Elle Duncan to be part of an ESPN night of examining racism and social justice

Duncan’s segment delves into white privilege, and includes a conversation with Ibram X.

In this screen grab, Elle Duncan speaks during the 2nd Annual espnW Summit NYC on May 28, 2020 in New York City. (
Elle Duncan. –Getty Images

A little more than a week has passed since current ESPN and former NESN anchor Elle Duncan detailed her personal encounters with racism during her two years in Boston.

In that short time, as the Black Lives Matter movement finally appears to be sparking genuine progress in the sports world, her perspective and candor have proven beyond valuable in the conversation about what Black people sometimes encounter in the city.

Duncan said during a conversation Friday that the response to her revelations has been overwhelmingly positive, with a few loud exceptions, and that it has only further confirmed that speaking up was the right thing to do.

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“The vocal minority of Bostonians that are the skeptics tend to dominate the headlines,” said Duncan. “They tend to be the loudest on Twitter.

“But people should see what my DMs look like. They’re so positive. My emails that I’m getting from people that I knew briefly in Boston or the former colleagues that I really don’t talk to anymore are like, ‘Thank you,’ and either, A, ‘You’re opening my eyes to some of these things in particular because of how vocal some of those detractors are. How they’re responding proves your point and how they’re trying to dismantle the message.’ Or, B, people telling me they’ve never felt comfortable describing their time in Boston and saying, ‘It was very difficult for me too.’ And that runs across color lines.

“I don’t want to focus on the people that were never going to listen or receive that message. I’m more interested in focusing on the people right that I knew were good Bostonians who have remained quiet and who really want to reclaim the reputation of their city.”

Duncan will bring that perspective to a special evening of programming Wednesday on ESPN, which will explore the issues of racism and social justice in sports. She will join fellow “SportsCenter” anchors Michael Eaves and Jay Harris and reporter Maria Taylor on “Time for Change: We Won’t Be Defeated,” a one-hour program airing at 8 p.m. on ESPN and at 11 p.m. on ESPN2 that will examine Black athletes’ experiences with injustice and sports’ role in bridging the racial divides in America.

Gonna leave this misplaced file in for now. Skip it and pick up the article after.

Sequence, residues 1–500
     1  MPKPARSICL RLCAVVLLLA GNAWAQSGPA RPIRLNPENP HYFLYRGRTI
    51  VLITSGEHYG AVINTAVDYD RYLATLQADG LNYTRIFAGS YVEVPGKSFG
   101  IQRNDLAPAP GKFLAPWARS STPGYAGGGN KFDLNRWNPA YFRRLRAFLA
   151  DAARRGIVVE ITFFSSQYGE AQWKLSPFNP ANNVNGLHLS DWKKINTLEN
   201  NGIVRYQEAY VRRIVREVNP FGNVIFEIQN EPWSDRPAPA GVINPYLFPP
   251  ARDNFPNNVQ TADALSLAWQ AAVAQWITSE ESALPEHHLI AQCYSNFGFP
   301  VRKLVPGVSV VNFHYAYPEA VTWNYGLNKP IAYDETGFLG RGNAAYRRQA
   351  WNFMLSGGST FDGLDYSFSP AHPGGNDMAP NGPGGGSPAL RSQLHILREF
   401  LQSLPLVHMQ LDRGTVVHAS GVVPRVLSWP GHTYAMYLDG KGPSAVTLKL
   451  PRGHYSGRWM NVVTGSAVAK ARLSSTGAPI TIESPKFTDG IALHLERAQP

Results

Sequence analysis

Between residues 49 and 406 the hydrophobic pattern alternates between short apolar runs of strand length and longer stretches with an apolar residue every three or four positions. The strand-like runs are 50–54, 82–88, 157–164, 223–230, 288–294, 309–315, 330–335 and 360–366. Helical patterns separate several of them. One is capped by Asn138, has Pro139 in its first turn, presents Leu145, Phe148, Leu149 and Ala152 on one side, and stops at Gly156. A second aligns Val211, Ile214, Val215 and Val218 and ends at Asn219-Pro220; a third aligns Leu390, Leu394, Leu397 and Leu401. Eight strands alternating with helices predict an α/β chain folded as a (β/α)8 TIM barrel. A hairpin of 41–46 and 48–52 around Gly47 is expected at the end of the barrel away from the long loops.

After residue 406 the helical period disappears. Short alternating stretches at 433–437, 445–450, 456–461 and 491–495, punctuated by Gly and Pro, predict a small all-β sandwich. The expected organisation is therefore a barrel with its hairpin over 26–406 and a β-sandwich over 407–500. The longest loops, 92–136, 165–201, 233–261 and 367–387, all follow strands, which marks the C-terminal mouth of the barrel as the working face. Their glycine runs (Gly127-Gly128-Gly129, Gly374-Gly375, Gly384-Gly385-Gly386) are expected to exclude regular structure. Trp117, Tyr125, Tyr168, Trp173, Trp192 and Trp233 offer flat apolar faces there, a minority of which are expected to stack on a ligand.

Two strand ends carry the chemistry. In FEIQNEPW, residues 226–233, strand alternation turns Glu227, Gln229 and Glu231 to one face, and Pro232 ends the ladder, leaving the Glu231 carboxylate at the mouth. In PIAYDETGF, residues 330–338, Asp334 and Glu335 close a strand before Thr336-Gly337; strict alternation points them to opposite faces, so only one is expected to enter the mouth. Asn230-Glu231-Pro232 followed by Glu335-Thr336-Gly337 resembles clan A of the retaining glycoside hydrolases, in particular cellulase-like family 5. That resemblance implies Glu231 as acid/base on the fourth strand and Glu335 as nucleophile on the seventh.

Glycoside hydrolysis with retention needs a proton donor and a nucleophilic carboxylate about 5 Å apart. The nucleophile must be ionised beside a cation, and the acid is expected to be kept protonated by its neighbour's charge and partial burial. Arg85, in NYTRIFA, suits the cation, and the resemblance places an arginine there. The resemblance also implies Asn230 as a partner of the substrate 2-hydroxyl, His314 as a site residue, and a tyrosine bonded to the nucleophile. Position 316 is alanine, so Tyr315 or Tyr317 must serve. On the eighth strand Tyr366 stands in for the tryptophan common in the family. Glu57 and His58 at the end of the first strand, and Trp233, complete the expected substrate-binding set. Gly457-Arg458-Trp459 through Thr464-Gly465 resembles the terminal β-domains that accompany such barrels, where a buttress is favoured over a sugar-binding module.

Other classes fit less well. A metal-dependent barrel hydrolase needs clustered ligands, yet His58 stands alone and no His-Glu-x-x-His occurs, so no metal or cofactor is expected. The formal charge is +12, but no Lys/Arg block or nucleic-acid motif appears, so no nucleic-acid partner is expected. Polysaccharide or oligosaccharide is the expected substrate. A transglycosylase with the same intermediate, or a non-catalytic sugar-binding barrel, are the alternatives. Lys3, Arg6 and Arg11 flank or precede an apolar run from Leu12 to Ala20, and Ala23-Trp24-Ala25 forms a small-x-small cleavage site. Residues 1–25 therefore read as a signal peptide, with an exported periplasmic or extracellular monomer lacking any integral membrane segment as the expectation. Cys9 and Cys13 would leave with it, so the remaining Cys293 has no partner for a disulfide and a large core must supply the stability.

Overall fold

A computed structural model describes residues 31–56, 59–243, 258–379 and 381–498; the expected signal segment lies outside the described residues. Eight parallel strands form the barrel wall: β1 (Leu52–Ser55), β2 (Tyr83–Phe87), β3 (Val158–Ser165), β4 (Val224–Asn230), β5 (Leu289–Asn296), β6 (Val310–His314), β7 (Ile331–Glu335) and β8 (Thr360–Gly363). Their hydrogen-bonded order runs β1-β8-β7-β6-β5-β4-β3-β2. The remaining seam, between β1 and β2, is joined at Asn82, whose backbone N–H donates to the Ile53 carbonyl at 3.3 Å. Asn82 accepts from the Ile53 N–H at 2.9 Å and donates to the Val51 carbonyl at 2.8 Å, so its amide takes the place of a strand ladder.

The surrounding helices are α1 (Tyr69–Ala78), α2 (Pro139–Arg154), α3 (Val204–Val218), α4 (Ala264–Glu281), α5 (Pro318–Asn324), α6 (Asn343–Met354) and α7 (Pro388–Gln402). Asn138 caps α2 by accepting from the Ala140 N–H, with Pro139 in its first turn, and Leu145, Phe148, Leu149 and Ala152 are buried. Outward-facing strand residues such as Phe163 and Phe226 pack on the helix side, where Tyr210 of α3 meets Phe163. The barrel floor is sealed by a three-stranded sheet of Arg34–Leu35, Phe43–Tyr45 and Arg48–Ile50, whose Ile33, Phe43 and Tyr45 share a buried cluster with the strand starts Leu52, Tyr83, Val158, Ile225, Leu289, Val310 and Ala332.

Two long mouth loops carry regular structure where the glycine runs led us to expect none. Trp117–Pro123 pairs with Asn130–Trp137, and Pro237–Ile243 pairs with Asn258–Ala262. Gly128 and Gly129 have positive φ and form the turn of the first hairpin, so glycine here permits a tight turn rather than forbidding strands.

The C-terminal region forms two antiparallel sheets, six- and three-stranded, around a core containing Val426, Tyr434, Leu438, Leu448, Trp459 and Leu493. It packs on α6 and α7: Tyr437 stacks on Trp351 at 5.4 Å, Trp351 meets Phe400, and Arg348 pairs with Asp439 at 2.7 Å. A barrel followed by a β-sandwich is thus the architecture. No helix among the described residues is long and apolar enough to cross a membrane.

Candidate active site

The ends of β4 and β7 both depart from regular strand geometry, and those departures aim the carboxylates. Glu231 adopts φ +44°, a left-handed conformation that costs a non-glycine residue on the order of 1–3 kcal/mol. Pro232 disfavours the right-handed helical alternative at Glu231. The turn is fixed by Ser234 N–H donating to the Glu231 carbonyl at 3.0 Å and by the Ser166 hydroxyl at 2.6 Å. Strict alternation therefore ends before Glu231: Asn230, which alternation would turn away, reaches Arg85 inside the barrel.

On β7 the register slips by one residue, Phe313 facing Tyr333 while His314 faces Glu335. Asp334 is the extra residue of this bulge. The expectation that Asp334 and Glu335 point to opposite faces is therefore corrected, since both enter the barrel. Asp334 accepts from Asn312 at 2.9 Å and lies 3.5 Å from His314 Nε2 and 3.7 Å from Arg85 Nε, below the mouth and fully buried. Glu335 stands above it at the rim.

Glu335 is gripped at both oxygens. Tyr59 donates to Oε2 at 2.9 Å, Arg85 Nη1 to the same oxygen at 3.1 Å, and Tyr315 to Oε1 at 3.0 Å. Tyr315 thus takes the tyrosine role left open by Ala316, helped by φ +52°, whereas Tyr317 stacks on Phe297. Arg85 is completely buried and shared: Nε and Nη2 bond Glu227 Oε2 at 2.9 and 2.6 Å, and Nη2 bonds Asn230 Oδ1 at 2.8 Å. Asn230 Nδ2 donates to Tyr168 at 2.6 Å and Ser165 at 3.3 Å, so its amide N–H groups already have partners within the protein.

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This is the centerpiece of 5½ hours of programming that will air across ESPN and ESPN2 that night, beginning with the re-air of the “30 for 30″ documentary “The 16th Man,” which features the South African “Springbok” national rugby team and its impact on South Africa’s transition from apartheid.

“Time for a Change” is broken up into four segments. Taylor’s focuses on why this time feels different, including a conversation with Chris Fowler on why white voices are speaking up more about issues Black people have been raising for a long time.

Duncan’s segment delves into white privilege, and includes a conversation with Ibram X. Kendi, director of the new Boston University Center for Antiracist Research, and anti-racist activist and writer Tim Wise.

Harris’s segment digs into the expression “stick to sports” and includes a conversation with former major league outfielder Torii Hunter, who recently detailed his experiences with racism at Fenway Park, spurring the Red Sox to acknowledge the issue.

In his segment, Eaves drives a discussion on how to create legislation that can actually change policy and help eradicate racism.

I asked Duncan if she believes that there is genuine change happening now and that powerful people who have averted their eyes from racism in the past are authentic in wanting to make the country a better place for minorities.

“I do. I am very hopeful,” she said. “I know that there’s a lot of people that are skeptical. But here’s what I’m doing. I’m leaning on my parents who are in their 60s, who marched in the civil rights protests, who integrated schools when they were young in Denver.

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“I lean on them because they have seen so much, and I have to be honest. When the George Floyd situation happened, the anxiety, the grief, the anger, the trauma was all there in their voices. The idea that 40 years later their children are still marching and battling and fighting for the same things they used to as teenagers was very disheartening.

“But as this has continued, as the protests have gone on, I have seen their whole attitudes change. They are so hopeful, so inspired by these young people, they’re inspired at the makeup and the composition of the protests. They’re inspired that it has become a global movement.

“They are hopeful, and I am incredibly hopeful right now, too, because there are all these things happening that lead you to believe that this is different.”

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